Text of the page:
Review by Fred Rudofsky
The two-hour drive to Massachusetts for Day Two of the 27th annual Green River Festival, held at Greenfield Community College, goes by in a blur. Sunday’s crowd appears to be as large as the one the day before, and the temperature feels just as hot, too.
I missed Milton, the duo I had seen open for Chris Smither earlier in the month at Club Helsinki, so I head down to the Yonder Stage to catch a a few songs by the Sun Parade. A five-piece band, they mix acoustic and electric sounds, and it’s safe to assume they probably count Big Star as an influence. “I’m Still Here Till We Can Work It Out” and “Molly” sound decent, but I’m not feeling compelled to stick around – indifference, hunger and thirst are kicking in.
At the Main Stage is Heather Maloney, a singer-songwriter who appears to have some fans in the audience given the reception she and her band get. I try to give her a listen, but her voice has more ticks than a deer in summer. Unimpressed, I take a walk over to a hamburger stand to sate the growling in my gut and rejuvenate in the shade of some trees near the festival entrance.
The music of Louisiana, fortunately, is well represented in the Yonder Stage, so I slug down some water and head on over. Cedric Watson & Bijou Creole have a couple of hundred music lovers two-stepping and waltzing despite the mid-afternoon heat. Watson, age 29 but a seasoned musician, alternates between fiddle and accordion, and his sound draws inspiration from pioneers such as Dennis McGhee, Clifton Chenier, Boozoo Chavis. The band can boogie, too, and the crowd’s energy feeds right back to stage. Lyrics sung in English and Creole French blur together, and the thought of announcing the song titles seems secondary to Watson’s goal of keeping that hypnotic groove going…
I catch Todd Snider in the middle of a solo set at the Main Stage – he is one of those musicians I have read about but never really sought out. Snider’s “Train Time” blends into Johnny Cash’s “Folsom Prison Blues,” and the crowd loves it. Vocally and instrumentally, Snider at times makes me think of Arlo Guthrie or Jerry Jeff Walker; lyrics are spoken as much as they are sung, over a bare bones acoustic guitar foundation, especially on a bluesy “I Ain’t Got No Time.” His repertoire even draws upon old novelty songs like the ghoulishly funny Guy Lombardo hit “Enjoy Yourself (It’s Later than You Think).” He closes with his own “I Just Want to Live Till I Die,” a fine expression of Beatnik ideals.
Although the Green River Festival rarely has bands play consecutive years, there are exceptions to the rule. Lake Street Dive, a virtuoso quartet from Boston that mixes rock with jazz and soul, play one of the best sets of the weekend. Rachael Price greets the audience, counts off the opener with drummer Mike Calabrese, and off they go for the beguiling “Go Down Smooth.” Upright bassist Bridget Kearney and guitarist-trumpeter Mike “McDuck” Olson are impressive in their own right on “Henrietta,” “Easy on You, Baby” and a second-line take on George Michael’s “Faith.” New tune “Tanqueray” has nods to Bo Diddley and Keely Smith, while “Best Self-Portrait” brims with witty metaphors about finding one’s place in a relationship. A genuine beauty, Price sells “If You’re Married, Wear a Wedding Band” with a nod and wink – literally – and soaring alto. After 14 songs in the intense heat, Lake Street Dive come back to for a trumpet driven rendition of Paul McCartney & Wings’ “Let Me Roll It.” Expect a new album from the band in early 2014.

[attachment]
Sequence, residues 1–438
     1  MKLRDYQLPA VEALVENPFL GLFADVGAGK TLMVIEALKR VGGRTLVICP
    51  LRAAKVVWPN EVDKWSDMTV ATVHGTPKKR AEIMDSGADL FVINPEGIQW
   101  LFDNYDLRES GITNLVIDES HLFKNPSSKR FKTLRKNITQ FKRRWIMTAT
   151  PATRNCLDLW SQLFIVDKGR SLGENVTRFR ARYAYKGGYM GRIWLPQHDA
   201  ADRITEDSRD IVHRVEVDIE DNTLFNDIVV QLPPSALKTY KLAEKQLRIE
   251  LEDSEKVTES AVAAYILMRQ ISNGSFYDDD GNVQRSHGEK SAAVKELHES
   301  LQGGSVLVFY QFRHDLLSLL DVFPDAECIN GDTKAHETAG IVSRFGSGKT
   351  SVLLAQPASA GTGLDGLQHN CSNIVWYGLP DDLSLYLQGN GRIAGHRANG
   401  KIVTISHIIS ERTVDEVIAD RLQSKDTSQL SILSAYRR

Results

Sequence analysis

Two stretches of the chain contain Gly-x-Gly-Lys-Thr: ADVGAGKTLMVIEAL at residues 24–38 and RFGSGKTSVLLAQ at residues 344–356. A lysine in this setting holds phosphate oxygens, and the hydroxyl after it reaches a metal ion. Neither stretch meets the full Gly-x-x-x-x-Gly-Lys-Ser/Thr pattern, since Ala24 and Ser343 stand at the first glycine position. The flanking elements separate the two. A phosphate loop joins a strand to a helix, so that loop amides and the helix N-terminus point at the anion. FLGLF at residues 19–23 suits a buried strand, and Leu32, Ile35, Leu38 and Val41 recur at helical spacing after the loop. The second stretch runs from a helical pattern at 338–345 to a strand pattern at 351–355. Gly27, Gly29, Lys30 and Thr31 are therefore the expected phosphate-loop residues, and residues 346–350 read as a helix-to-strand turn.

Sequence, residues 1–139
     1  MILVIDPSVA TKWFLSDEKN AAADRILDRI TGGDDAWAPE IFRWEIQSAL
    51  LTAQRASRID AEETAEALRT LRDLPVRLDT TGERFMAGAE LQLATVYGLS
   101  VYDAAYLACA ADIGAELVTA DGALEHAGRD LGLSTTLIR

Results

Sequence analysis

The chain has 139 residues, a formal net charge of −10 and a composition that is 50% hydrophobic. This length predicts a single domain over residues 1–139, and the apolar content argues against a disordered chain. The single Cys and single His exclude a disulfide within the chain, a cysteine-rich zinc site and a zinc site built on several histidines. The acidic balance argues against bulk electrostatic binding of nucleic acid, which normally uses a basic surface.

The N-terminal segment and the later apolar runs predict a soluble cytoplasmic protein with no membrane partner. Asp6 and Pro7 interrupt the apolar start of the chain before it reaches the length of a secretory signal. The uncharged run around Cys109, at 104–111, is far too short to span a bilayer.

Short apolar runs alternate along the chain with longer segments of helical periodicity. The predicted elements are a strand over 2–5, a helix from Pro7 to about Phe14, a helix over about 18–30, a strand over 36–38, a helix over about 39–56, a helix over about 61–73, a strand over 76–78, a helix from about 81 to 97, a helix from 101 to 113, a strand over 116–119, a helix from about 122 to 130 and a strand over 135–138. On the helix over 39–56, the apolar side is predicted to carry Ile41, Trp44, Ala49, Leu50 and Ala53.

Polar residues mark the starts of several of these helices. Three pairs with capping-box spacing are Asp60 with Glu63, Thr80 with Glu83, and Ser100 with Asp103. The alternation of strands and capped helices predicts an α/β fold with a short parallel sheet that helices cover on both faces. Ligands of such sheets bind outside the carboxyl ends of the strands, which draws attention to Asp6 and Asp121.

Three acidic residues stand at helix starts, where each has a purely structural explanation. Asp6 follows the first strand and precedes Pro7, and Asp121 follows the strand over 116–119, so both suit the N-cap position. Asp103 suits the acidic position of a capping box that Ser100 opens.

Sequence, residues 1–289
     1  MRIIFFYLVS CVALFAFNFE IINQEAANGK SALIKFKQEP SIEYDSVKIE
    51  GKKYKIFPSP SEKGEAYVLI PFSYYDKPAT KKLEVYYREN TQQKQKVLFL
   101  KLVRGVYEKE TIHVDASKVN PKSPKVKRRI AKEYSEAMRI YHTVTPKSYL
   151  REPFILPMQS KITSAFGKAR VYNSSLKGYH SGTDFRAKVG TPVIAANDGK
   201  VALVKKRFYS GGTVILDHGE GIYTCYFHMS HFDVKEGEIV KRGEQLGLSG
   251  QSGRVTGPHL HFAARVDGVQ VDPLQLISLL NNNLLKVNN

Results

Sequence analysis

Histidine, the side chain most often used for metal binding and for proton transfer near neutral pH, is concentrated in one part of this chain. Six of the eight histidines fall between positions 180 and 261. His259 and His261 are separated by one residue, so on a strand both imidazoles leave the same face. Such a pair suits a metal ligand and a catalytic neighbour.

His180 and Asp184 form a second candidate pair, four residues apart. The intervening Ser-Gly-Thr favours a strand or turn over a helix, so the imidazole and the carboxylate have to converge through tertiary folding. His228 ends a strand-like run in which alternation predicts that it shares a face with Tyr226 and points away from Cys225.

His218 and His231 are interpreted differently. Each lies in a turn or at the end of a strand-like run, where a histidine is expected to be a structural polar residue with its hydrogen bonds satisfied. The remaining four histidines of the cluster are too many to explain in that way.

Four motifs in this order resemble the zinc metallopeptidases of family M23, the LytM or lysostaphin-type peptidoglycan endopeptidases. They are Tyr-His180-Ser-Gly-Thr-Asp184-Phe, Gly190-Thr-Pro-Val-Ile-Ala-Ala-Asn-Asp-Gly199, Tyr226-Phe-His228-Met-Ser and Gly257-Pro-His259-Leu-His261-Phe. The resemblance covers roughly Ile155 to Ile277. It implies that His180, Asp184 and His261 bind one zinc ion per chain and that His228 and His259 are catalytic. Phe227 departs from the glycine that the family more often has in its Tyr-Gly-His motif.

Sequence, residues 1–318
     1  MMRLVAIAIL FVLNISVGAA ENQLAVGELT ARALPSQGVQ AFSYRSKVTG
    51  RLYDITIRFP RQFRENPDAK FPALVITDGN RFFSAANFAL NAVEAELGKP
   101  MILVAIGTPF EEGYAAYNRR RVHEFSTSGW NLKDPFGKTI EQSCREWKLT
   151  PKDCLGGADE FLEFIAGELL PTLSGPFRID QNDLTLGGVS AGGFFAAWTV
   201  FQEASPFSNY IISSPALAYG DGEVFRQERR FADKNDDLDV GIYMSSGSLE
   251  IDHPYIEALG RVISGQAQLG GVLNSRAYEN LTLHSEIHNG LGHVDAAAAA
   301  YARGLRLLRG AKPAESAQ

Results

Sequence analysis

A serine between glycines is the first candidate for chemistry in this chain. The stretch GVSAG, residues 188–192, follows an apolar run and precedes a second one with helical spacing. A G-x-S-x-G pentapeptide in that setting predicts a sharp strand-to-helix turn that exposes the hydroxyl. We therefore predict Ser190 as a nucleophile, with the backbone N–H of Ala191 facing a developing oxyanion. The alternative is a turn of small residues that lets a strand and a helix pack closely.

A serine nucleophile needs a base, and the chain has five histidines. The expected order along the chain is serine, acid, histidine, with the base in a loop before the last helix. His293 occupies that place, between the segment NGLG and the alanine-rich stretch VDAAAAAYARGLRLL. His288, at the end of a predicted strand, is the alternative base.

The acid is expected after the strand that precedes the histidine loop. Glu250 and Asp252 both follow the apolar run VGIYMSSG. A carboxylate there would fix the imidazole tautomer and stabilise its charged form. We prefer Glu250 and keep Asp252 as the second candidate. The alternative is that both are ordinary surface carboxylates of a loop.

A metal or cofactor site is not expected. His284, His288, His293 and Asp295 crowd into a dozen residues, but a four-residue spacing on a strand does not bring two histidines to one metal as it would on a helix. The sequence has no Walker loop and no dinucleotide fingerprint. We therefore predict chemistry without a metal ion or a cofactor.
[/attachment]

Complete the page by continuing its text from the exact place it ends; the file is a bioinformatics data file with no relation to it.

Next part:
Just from walking around the grounds during the break, I ascertain from various conversations that the next act is one of the most anticipated of the festival, and I concur. Buddy Miller and Jim Lauderdale, premiere country-roots rock singer-songwriters, are on a brief tour to promote Buddy and Jim, their superb first full-length collaboration. The harmonies bring to mind the Everly Brothers, and Miller’s guitar work is so astounding in tone and attack that it makes one wonder why Eric Clapton has not invited him to play the Crossroads Festival. The band is also first-rate. Marco Giovino (drums) and Jay Weaver (upright bass) can play it subtle and rock out out in the same song. The airlines may have misplaced Fats Kaplan’s steel guitar, but he rolls with the punches and plays masterful fiddle throughout the late afternoon. Picking favorites is nearly impossible from a set list of originals, chestnut covers and obscurities dusted off to